Today Samsung Semiconductor officialy announces mass production for its second generation 14nm FinFET manufacturing node. Early last year we saw Samsung announce mass production of its first generation FinFET process that was used in the Exynos 7420 which powered last year's flagships from Samsung Mobile and Meizu.

"We are pleased to start production of our industry-leading, 2nd generation 14nm FinFET process technology that delivers the highest level of performance and power efficiency” said Charlie Bae, Executive Vice President of Sales & Marketing, System LSI Business, Samsung Electronics. "Samsung will continue to offer derivative processes of its advanced 14nm FinFET technology to maintain our technology leadership."

The second generation process called 14LPP (Low-Power Plus) is advertised as bringing performance as well as power improvements over the 14LPE (Low-Power Early) predecessor. The new node is described as being able to increase switching speed of up to 15% and decreasing power consumption by up to 15%.

The improvements are made possible via transistor structure changes and process optimizations, for example we see usage of a taller fin height compared to that of 14LPE. Samsung has also improved silicon straining and describes usage of fully-depleted FinFET transistors being able to bring enhanced manufacturing capabilities.

The 14LPP process is confirmed to be used in Samsung LSI's own Exynos 8890 as well as Qualcomm's Snapdragon 820 SoCs, which we should be seeing more of in devices coming in the next months. As GlobalFoundries licenses Samsung's process node as we should also see CPU and GPU products from AMD produced on the new manufacturing node.

Source: Samsung

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  • iwod - Thursday, January 14, 2016 - link

    I think, this will edge out TSMC 16nm FF+ slightly. But TSMC 16nm FFC is coming out this year as well. Reply
  • kaze102477 - Friday, January 15, 2016 - link

    No,TSMC 16+ still edge out 14nm LPP. Reply
  • Alexvrb - Sunday, January 17, 2016 - link

    LPE is already fairly competitive with FF+, and LPP is way better than LPE. So what makes you think TSMC would still hold the edge? They need FFC to compete with LPP, who knows when FFC will be ready for volume. Reply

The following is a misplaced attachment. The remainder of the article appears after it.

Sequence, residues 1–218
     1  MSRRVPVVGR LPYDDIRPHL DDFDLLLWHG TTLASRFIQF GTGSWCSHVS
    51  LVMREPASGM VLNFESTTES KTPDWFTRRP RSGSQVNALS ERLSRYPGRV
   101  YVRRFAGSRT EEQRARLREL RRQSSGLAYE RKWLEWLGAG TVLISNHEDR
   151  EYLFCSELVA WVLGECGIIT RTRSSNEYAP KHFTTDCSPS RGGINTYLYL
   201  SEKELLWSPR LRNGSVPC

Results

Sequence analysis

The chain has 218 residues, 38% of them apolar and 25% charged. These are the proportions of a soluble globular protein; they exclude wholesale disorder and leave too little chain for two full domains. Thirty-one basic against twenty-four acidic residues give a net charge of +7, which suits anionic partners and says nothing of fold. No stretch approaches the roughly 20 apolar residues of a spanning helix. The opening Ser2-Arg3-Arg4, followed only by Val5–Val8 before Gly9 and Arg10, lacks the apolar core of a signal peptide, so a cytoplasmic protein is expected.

• olderkid - Thursday, January 14, 2016 - link

    So at this point, has Samsung caught Intel or is Intel's 14nm better? Remember everyone talking about how Intel had a 2 year lead or a process and a half lead. Seems not to be the case anymore. Reply
  • extide - Thursday, January 14, 2016 - link

    Intel's 14nm is better. It's a true shrink from 22nm. Reply
  • Hulk - Thursday, January 14, 2016 - link

    So in "Intel terms" what size is this process? 16nm? 18nm? Apples-to-Apples. Reply
  • Yojimbo - Sunday, January 17, 2016 - link

    I don't think it's that simple. There are a bunch of factors determining the quality of the node. I don't think there's any single number distillate that will accurately describe it. Reply
  • T1beriu - Thursday, January 14, 2016 - link

    I could be wrong, but If I'm remembering correctly, TSMC and Samsung added FinFet to their 20nm and calling it 14/16. Reply
  • eldakka - Thursday, January 14, 2016 - link

    TSMCs process is 20nm based, which us why it's labeled as 16nm (20nm with FinFet and other enhancements make it, at least according to TSMC, equivalent to 16nm)

    Samsung's (and licensee GF's) process is (apparently) true 14nm.
    Reply
  • kaze102477 - Friday, January 15, 2016 - link

    But TSMC's 16+ still better than SS's 14LPP Reply

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